U.S. 199, 215 (2007). Because Plaintiff’s complaint is clearly time-barred, the Court will dismiss
the action for failure to state a claim.2
Having conducted the review required by the Prison Litigation Reform Act, the Court
determines that Plaintiff’s action will be dismissed for failure to state a claim pursuant to 28 U.S.C.
§§ 1915(e)(2) and 1915A(b), and 42 U.S.C. § 1997e(c).
The Court must next decide whether an appeal of this action would be in good faith
within the meaning of 28 U.S.C. § 1915(a)(3). See McGore v. Wrigglesworth, 114 F.3d 601, 611
(6th Cir. 1997). For the same reasons that the Court dismisses the action, the Court discerns no
good-faith basis for an appeal. Should Plaintiff appeal this decision, the Court will assess the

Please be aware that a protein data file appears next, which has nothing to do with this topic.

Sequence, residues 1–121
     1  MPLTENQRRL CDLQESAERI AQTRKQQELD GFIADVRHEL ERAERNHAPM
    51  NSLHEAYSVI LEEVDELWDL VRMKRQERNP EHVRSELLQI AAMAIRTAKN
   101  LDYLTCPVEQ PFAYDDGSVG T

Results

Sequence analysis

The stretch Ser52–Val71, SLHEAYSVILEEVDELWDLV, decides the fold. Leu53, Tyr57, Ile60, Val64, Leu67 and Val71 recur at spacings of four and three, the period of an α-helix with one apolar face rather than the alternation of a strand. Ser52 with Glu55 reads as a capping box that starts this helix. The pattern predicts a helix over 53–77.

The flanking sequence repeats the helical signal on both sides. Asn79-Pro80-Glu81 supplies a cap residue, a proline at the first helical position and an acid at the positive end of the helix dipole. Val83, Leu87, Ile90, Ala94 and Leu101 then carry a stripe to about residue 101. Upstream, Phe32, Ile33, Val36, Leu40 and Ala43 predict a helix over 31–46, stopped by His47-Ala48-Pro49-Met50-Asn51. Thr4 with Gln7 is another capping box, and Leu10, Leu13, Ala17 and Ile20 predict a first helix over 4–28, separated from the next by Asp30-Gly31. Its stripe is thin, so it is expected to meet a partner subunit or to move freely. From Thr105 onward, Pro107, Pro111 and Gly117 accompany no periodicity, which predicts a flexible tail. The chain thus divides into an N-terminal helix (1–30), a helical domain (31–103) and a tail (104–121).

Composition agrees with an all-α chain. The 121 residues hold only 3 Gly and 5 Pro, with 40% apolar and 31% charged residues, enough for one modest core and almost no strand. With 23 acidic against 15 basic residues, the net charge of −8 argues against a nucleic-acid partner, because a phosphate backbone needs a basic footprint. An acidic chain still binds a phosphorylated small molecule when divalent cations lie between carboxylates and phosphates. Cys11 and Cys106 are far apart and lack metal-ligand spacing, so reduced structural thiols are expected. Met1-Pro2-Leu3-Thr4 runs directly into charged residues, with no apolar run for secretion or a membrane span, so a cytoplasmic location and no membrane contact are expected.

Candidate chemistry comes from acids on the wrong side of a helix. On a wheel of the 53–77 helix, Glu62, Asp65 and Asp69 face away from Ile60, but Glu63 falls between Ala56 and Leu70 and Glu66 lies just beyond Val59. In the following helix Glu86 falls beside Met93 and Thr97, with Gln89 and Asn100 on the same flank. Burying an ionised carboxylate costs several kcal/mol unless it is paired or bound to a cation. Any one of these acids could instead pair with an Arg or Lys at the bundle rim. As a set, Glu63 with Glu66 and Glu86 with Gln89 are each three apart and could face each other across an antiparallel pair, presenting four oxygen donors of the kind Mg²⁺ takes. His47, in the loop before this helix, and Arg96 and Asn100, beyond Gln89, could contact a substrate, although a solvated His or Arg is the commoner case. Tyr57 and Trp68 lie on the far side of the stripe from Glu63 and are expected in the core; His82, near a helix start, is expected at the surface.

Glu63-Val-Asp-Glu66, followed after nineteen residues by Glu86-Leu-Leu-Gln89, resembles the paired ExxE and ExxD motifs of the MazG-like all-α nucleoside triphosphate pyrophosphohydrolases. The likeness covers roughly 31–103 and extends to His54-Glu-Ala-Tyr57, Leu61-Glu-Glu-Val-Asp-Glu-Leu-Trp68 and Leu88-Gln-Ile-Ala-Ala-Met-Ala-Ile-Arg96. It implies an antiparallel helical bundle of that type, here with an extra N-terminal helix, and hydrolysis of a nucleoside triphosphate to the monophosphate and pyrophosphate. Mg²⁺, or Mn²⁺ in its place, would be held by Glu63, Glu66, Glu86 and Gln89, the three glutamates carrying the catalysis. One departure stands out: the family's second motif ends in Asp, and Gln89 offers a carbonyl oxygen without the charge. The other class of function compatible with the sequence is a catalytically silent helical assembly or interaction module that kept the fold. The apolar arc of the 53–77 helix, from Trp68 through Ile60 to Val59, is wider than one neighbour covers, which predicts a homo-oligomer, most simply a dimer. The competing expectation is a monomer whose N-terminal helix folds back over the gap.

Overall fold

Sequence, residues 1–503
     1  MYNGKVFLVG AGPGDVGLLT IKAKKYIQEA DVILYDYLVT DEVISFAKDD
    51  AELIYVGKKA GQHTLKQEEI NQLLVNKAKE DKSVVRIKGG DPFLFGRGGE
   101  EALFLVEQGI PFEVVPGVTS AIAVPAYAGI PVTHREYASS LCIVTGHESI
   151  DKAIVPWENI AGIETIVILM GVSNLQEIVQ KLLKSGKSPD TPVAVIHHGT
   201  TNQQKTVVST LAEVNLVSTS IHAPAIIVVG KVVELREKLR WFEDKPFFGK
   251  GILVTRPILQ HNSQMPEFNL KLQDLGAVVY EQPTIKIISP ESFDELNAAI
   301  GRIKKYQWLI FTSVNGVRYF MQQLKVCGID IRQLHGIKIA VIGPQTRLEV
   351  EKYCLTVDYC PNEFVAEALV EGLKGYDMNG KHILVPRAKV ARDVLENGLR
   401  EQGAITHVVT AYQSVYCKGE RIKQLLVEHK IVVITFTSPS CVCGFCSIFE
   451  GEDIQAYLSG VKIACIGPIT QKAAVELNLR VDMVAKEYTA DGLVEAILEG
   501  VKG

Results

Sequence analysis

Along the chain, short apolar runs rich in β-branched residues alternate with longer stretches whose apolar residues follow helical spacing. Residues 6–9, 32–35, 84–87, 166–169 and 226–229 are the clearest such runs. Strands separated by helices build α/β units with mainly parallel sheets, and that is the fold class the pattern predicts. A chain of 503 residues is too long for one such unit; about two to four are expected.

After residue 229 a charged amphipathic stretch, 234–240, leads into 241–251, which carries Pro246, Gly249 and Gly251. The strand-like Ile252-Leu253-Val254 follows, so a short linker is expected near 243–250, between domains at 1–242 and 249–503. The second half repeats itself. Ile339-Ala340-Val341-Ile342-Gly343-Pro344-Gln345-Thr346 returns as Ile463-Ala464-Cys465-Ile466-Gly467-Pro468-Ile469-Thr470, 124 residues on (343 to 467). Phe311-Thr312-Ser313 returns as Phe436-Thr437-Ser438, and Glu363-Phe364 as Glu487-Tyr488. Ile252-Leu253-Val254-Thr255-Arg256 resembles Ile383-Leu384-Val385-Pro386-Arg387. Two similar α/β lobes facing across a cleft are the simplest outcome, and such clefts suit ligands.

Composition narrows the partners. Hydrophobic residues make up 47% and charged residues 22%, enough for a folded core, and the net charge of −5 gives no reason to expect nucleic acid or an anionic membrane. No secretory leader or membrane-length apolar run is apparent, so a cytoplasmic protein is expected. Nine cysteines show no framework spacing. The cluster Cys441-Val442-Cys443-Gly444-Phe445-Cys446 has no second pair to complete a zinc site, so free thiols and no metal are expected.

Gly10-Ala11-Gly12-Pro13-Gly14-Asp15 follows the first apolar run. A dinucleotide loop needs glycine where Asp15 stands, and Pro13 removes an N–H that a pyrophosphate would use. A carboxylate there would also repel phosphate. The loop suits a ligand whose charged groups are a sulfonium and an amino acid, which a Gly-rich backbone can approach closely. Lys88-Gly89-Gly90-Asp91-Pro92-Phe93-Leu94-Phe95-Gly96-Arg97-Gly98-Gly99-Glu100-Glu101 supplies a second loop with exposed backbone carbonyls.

$505.00 appellate filing fee pursuant to § 1915(b)(1), see McGore, 114 F.3d at 610-11, unless
Plaintiff is barred from proceeding in forma pauperis, e.g., by the “three-strikes” rule of § 1915(g).
If he is barred, he will be required to pay the $505.00 appellate filing fee in one lump sum.
This is a dismissal as described by 28 U.S.C. § 1915(g).
A Judgment consistent with this Opinion will be entered.
Dated: September 29, 2017
/s/ Gordon J. Quist
GORDON J. QUIST
UNITED STATES DISTRICT JUDGE
The Court notes that Plaintiff’s claims against certain Defendants are barred for other reasons, including
sovereign immunity, prosecutorial immunity, and the insufficiency of the allegations. In light of the obvious time bar,
however, the Court need not and does not reach those other issues.